In just three short sentences we are presented in the Gospel (Luke 3:15-16, 21-22) with a most decisive moment in the life of Jesus – his baptism in the River Jordan. This event was so important that all four Gospels record it at some length.

His baptism is the moment when Jesus became fully aware of his true identity – the beloved Son of God – and of the mission (outlined in the First Reading) to which he heard God calling Him.

St Luke’s account of the baptism is quite short. He does not describe the event in detail but dwells more on what happened before and after it.

The bare facts are that Jesus was part of a crowd responding to the preaching of John the Baptist. Like the other followers of John, Jesus joined them in being baptised – fully immersed or submerged – in the flowing waters of the River Jordan.

Afterwards, Luke says, while Jesus was ‘at prayer’, he had a mystical experience in which he heard God saying to him ‘You are my Son, the Beloved; my favour rests on you.’

From that moment it was as God’s ‘beloved’ (and with God’s ‘favour’) that Jesus dedicated the rest of his life to the mission God gave him. He invited people to join him in a new community – which he called the ‘kingdom’ – comprising people who would follow His way of relating to God.

It is through our own baptism that we formally join this same community and become, like Jesus, a ‘beloved’ daughter or son of God. In this community we have a bond with Jesus that can never be broken.  He became God’s ‘beloved’ here on earth precisely that we might know how beloved and special each one of us is to God.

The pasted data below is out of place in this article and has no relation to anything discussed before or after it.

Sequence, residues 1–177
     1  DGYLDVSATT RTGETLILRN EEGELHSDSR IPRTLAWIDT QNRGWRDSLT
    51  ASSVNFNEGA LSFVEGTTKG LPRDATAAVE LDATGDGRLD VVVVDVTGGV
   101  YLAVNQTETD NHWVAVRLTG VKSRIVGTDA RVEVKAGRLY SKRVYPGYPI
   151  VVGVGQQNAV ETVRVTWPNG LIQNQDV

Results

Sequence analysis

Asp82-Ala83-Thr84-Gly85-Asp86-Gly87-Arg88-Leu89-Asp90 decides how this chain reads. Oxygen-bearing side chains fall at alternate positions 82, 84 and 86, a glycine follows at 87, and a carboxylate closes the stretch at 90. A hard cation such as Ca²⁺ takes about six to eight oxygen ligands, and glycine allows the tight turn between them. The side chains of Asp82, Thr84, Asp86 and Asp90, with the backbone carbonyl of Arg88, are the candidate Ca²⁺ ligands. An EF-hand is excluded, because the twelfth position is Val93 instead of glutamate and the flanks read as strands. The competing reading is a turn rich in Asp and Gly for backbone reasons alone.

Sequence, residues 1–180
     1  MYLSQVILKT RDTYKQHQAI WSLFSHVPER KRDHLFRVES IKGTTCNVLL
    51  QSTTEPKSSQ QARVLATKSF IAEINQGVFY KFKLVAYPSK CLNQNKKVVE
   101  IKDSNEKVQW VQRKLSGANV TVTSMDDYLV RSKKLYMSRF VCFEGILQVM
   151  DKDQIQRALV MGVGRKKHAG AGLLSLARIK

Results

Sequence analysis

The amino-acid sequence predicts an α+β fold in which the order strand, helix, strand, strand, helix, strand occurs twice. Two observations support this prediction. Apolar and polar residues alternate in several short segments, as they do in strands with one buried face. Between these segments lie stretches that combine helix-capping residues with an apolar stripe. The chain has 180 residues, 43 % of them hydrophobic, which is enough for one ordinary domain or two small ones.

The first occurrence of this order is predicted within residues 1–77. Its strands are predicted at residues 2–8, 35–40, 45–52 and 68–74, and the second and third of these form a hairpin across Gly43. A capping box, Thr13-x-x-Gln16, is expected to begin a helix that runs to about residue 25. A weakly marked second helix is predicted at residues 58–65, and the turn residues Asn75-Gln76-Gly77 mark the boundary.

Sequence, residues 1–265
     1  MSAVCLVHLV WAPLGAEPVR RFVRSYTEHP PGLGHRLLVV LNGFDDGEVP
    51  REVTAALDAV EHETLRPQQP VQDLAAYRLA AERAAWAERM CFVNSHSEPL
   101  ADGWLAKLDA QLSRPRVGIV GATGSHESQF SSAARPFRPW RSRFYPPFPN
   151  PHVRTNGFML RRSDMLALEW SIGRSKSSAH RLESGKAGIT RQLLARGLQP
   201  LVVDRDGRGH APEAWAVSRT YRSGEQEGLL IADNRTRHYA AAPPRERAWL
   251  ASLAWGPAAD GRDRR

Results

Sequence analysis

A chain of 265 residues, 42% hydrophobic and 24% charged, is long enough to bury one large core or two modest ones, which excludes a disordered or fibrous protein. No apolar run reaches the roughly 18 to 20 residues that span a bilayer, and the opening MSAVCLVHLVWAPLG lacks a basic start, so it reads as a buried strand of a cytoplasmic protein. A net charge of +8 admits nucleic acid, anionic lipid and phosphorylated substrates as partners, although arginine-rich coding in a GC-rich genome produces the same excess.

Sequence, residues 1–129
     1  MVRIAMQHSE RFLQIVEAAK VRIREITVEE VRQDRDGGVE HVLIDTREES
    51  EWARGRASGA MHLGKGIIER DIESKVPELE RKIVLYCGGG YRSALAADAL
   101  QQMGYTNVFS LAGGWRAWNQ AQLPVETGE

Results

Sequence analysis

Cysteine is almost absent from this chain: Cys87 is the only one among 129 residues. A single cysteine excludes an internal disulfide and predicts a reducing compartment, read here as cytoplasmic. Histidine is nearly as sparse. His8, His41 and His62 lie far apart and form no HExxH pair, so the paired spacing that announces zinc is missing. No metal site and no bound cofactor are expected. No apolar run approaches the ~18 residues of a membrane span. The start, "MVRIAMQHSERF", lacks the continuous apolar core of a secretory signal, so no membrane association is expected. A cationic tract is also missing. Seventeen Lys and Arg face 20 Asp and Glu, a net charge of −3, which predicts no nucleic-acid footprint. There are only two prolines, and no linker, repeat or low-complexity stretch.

This sense of being the ‘beloved’ of another is wonderfully captured in a short poem by Raymond Carver :

Late Fragment
And did you get what
you wanted from this life, even so?
I did.
And what did you want?
To call myself beloved, to feel myself
beloved on the earth.

Carter, suffering from cancer at the time, looks back on his once turbulent life and now rejoices that in his later years he has finally found love. He, now loved by fellow poet Tess Gallagher, is her ‘beloved’. While his is an experience of human love – although all love comes from God – there is also a divine love which Jesus discovered at his baptism. It is in this love that each one of us is also a beloved son or daughter of God. Each one of us, in our relationship with Christ, is God’s beloved, members of a community where Christ is at the centre and everyone is accepted.

In practical terms all this means that no matter who we are, or what we may have done in the past, or even will do in the future, we never cease to be God’s beloved. In God’s eyes, we are better than our worst mistakes. The same Spirit that empowered Jesus at his baptism comes to us in ours and draws us into a union with God that nothing can destroy.  

So we are celebrating today not just the Baptism of Jesus but that through him – and in spite of ourselves – God looks as favourably on us as he did on Jesus. We are ‘beloved on the earth’, no matter our past or what is to come in the future..

Michael Campion
Holy Name, Jesmond
9 January 2022

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